GNAO1 Yeast Models Growth of GPA1 Variants2 862x531pxFigure 3: Growth of GPA1 variants. This chart shows representative data from one of three biological replicates

At the time of our first growth assay (Figure 3), three biological replicates of A339D were also included. There were variations between the three strains that prompted us to test more independent strains. Figure 4 illustrates the growth variation we see with 7 of our A339D strains. As of now, we know that there is a growth defect with this mutation, but the degree of defect varies across strains. Our next step is to figure out where the variability lies: is it between strains or is it within each strain itself? This is an important question to answer as we choose which strains of the GNAO1 yeast model to use for our drug screen.

GNAO1 yeast model growth variability A339D strains A 752x452 GNAO1 yeast model growth variability A339D strains B 752x452px

Figure 4: Growth variability of A339D strains. Independent biological replicates of A339D are marked (A339D-1, -2, etc.) Top panel shows the growth assay from July 5. Bottom panel shows the growth assay from August 23

Moving Forward

Along with trying to determine which strains of the GNAO1 yeast model to use in our drug screen, we want to understand how the mutations affect GPA1 function. The role of GPA1 in mating allows us to look at cell morphology. Haploid yeast cells have two mating types, MATa and MAT⍺. Each type releases its own mating factor or pheromone that attracts the opposite cell type and when that happens, the cells themselves undergo a morphological change called a shmoo as they attempt to conjugate and make a diploid (Figure 5).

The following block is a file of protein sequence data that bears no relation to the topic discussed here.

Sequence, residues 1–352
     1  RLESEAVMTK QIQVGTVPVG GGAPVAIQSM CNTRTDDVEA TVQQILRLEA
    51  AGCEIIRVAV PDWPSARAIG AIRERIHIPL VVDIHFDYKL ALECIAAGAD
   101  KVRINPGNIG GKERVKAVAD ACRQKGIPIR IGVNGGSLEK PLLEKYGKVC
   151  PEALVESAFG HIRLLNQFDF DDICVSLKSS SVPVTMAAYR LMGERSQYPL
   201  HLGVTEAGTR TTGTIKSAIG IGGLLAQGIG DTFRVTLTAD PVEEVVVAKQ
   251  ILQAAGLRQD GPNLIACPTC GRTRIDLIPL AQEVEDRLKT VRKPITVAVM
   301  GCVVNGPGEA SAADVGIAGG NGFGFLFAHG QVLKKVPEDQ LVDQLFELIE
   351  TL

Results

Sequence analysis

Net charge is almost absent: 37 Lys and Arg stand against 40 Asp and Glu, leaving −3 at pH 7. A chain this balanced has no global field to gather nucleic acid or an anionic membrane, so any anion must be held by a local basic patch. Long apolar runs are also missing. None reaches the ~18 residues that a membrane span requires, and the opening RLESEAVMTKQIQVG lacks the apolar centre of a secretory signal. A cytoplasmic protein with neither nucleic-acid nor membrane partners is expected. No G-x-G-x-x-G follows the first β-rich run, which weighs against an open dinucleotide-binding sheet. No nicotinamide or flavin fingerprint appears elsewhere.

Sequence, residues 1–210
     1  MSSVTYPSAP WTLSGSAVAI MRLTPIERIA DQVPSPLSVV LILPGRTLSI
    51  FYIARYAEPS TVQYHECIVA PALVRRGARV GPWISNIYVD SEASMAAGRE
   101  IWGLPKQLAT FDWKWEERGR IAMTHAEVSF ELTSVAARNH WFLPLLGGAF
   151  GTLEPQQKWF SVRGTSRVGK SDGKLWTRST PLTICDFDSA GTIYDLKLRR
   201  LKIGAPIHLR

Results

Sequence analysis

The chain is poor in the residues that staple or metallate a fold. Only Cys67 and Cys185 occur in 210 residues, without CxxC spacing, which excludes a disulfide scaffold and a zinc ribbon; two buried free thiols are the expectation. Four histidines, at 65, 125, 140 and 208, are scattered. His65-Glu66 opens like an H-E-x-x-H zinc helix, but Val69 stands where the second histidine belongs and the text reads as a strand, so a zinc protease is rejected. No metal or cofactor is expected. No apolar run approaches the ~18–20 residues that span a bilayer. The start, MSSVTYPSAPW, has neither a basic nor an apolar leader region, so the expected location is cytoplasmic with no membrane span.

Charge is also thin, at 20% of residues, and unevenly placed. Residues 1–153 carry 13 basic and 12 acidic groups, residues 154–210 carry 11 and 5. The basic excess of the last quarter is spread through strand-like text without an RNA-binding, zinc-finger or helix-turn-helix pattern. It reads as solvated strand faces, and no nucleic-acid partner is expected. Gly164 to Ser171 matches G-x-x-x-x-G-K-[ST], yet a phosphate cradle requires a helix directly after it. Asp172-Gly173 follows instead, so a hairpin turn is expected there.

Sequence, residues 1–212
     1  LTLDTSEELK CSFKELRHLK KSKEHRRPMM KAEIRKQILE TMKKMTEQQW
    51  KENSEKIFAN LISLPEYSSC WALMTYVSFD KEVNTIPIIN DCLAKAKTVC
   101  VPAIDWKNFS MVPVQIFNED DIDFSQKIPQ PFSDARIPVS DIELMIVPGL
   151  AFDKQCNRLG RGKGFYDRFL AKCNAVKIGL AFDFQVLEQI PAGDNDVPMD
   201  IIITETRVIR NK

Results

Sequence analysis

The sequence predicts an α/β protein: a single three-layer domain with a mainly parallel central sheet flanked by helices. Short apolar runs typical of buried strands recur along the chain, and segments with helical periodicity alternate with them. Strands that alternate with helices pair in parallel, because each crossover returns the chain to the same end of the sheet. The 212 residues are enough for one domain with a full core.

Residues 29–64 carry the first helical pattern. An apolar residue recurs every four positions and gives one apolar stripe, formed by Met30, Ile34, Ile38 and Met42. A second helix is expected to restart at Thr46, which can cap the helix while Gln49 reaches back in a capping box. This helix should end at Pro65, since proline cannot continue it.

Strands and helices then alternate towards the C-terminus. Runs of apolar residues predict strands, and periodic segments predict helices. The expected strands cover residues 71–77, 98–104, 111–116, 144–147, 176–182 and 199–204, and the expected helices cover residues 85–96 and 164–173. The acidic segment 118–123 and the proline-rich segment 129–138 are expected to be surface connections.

GNAO1 yeast model - yeast mating 500x777px

Figure 5. Yeast Mating. Fijałkowski, 2006. Two cells of different mating types are illustrated along with their specific pheromones (1). Specific receptors on each cell respond to the opposite mating factors and they begin to take on a schmoo shape (2) until they eventually conjugate together to make a diploid (3)

The strains we are working with in the GNAO1 yeast model are mating type a, so we can introduce the pheromone released by the other cell type called alpha factor to induce a morphological change in our variants. We know that in gpa1∆ cells, the mating pathway is always on and cells arrest in a shmoo state, even in the absence of pheromone. G48W and G53E are also inviable, and we hypothesize that they also arrest in a shmoo state. On the other hand, R327G and E364K have no growth defect, but we wonder if they would respond to pheromone as wild type cells would. This could help us better understand how the mutations affect GPA1 function.


Ananth, A. L. (2016). Clinical Course of Six Children With GNAO1 Mutations Causing a Severe and Distinctive Movement Disorder. Pediatric Neurology,59, 81-84. doi:10.1016/j.pediatrneurol.2016.02.018

Danti, F. R. (2017). GNAO1encephalopathy. Neurology Genetics,3(2), 1-8. doi:10.1212/nxg.0000000000000143

GNAO1 encephalopathy. (2017, October 3). Retrieved from

GNAO1 Gene – Undiagnosed Diseases Network (UDN). (2017). Retrieved from

Helbig, I., & Kiel. (2013, September 8). G proteins, GNAO1 mutations and Ohtahara Syndrome


Translate »